While both schools have had outstanding coaches throughout their long histories the Ducks have consistently paid their coaches more than the Beavers and produced many more NFL head coaches. As far back as the 1930s football coaches and players from both schools went on to the NFL. Among the University of Oregon's (8) head NFL coaches are: John McEwan, John McKay, John Robinson, Rich Brooks, George Seifert, Norm Van Brocklin, Norv Turner, and Chip Kelly. Oregon State has produced (4) NFL head coaches that include: Paul Schissler, Tommy Prothro, Mike Riley and Dennis Erickson. Former University of Oregon head coach Rich Brooks was also a player and assistant coach at Oregon State, but is counted among the University of Oregon's coaches, and enjoys the distinction of having the field at Autzen Stadium named in his honor. No small part of Oregon's coaching success can be traced to the fact that the Ducks have long promoted internally with assistant coaches becoming coordinators and coordinators becoming head coaches while Oregon State tended to promote from outside of their program and as a result lose program consistency. Early on in the rivalry Oregon and Oregon State head coaches were paid comparable salaries, but by the 2000s Oregon moved significantly above Oregon State in terms of head coaching salaries. Oregon's Chip Kelly began as the offensive coordinator as rose to head coach (2007-2012) with a six year 20.5 million contract while Oregon State's Mike Riley (1997-1998, 2003-2014) was the lowest paid coach in the PAC-12 at 1 million 510 thousand dollars per season. More recently, Oregon head coach Mark Helfrich (2013) was signed for 3 million, 150 thousand dollars per season compared to Oregon State head coach Gary Andersen who (2014) who signed a six year contract with a base salary of 2 million, 450 thousand dollars per season. The Ducks have excelled the Beavers in terrms of recruiting, facilities and coaching due primarily to Oregon's athletic department and alumni's total dedication to winning.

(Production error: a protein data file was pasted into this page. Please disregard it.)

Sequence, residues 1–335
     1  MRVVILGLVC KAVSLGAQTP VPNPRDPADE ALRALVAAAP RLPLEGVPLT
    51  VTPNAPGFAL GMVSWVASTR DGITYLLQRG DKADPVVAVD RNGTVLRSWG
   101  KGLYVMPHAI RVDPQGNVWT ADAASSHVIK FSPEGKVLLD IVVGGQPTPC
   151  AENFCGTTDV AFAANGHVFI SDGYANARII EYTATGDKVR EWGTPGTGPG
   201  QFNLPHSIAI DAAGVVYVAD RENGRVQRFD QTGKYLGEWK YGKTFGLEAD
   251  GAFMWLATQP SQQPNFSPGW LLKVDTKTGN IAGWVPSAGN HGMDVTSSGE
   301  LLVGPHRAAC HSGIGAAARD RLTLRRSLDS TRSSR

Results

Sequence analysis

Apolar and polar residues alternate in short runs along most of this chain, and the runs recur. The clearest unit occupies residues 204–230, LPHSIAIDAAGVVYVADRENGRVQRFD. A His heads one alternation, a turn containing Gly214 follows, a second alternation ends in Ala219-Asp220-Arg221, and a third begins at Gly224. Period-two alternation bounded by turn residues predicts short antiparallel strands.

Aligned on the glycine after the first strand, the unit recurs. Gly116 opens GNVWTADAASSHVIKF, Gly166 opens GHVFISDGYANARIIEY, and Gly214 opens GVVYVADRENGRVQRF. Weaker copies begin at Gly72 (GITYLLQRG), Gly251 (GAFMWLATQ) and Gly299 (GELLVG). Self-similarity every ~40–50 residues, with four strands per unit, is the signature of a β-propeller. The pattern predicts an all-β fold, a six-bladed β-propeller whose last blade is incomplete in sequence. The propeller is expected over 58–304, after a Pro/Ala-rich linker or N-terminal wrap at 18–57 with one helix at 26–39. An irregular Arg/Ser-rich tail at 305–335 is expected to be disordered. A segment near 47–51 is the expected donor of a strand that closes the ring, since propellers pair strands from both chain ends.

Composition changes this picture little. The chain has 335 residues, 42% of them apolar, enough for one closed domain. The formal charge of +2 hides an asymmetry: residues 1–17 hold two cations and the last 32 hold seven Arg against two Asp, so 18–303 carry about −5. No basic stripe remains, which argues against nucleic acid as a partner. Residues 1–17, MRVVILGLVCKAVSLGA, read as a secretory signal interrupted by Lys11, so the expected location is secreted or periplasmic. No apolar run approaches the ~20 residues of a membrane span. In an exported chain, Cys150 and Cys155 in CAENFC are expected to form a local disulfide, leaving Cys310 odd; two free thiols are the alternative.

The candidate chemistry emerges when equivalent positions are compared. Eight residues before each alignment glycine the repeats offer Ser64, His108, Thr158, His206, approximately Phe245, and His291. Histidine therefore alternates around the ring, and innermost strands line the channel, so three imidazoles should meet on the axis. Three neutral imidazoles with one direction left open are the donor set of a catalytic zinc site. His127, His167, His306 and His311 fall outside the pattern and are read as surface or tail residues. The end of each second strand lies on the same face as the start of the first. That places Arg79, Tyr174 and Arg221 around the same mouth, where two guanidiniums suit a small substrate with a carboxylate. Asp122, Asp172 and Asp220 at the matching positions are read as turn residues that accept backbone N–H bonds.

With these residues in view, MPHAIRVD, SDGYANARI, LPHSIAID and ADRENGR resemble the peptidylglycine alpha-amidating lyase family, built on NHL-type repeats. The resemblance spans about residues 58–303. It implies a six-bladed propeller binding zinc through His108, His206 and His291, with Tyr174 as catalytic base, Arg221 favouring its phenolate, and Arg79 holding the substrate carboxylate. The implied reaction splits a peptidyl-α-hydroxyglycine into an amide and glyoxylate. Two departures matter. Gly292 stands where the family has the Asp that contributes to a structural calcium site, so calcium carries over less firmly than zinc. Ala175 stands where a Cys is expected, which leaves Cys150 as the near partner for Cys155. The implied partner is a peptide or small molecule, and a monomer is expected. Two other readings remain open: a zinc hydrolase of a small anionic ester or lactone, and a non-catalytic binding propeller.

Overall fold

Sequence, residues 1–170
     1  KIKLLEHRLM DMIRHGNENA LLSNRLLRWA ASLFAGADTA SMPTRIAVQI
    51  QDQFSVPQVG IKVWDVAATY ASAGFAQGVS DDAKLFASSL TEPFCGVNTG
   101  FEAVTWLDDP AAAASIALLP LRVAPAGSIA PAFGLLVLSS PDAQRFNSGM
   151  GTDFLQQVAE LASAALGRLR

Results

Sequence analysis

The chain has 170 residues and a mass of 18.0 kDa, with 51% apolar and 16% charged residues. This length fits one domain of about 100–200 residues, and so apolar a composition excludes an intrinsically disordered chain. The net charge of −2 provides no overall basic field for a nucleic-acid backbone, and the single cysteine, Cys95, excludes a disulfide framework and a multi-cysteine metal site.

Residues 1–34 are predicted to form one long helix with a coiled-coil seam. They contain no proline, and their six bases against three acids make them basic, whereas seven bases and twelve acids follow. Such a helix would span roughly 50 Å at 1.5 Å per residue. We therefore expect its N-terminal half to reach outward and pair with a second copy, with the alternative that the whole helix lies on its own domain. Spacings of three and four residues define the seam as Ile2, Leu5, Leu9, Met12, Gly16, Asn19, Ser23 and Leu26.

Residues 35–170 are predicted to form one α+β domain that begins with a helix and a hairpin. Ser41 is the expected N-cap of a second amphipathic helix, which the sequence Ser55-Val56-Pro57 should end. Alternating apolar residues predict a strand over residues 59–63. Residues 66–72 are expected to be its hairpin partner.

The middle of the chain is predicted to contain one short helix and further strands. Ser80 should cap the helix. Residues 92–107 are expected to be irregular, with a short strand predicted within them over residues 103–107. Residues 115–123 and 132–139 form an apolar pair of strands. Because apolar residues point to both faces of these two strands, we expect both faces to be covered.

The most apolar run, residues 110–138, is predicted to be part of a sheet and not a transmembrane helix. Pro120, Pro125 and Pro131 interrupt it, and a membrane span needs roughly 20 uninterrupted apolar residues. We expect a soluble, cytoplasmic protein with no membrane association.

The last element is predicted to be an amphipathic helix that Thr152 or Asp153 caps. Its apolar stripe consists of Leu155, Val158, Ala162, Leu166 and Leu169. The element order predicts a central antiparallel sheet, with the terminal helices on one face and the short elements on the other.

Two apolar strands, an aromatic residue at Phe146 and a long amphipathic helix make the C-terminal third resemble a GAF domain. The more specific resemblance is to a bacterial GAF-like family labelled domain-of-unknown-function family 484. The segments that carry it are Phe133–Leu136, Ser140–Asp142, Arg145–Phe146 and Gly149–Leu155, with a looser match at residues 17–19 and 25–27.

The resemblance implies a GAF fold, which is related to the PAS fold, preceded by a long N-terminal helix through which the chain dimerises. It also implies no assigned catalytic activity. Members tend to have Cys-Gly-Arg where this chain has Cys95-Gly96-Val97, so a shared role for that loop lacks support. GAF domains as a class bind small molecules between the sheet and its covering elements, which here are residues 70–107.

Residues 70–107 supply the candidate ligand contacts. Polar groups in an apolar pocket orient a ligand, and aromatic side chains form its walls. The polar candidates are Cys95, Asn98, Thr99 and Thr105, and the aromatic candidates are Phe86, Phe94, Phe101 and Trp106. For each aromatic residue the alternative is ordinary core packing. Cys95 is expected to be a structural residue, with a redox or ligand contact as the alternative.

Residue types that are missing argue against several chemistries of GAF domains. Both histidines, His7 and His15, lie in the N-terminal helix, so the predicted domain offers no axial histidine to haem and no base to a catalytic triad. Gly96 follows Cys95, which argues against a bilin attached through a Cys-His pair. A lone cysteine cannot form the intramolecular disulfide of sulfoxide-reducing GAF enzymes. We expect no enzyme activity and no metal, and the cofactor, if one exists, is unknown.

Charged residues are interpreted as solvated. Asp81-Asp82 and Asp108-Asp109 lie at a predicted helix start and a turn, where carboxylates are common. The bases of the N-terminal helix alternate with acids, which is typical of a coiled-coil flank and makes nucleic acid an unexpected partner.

A factor that is relevant to recruiting success is the relative livability of Eugene compared to Corvallis. Livability is a key factor in recruiting all athletes, but is especially important to African American football recruits in overwhelming White college towns. The University of Oregon has a longer tradition of having African American students since 1917, and had its frist African American players as far back as 1926. The city of Eugene had a small, but beleagured African American community beginning in the 1930s and 1940s. This contrasts to Oregon State that did not have an African American student until 1922, and did not have an African American football player until 1950. Corvallis did not have a noticeable number of African American residents until the 1950s.

Many subtle factors directly and indirectly related to football between Oregon and Oregon State have combined to account for the significant disparity between Oregon and Oregon State in terms of football. Oregon State has made significant improvements in terms of its support for the football program, and admirable outreach necessary to diversify its student and student-athlete populations. Oregon State football is in need of a significant reset.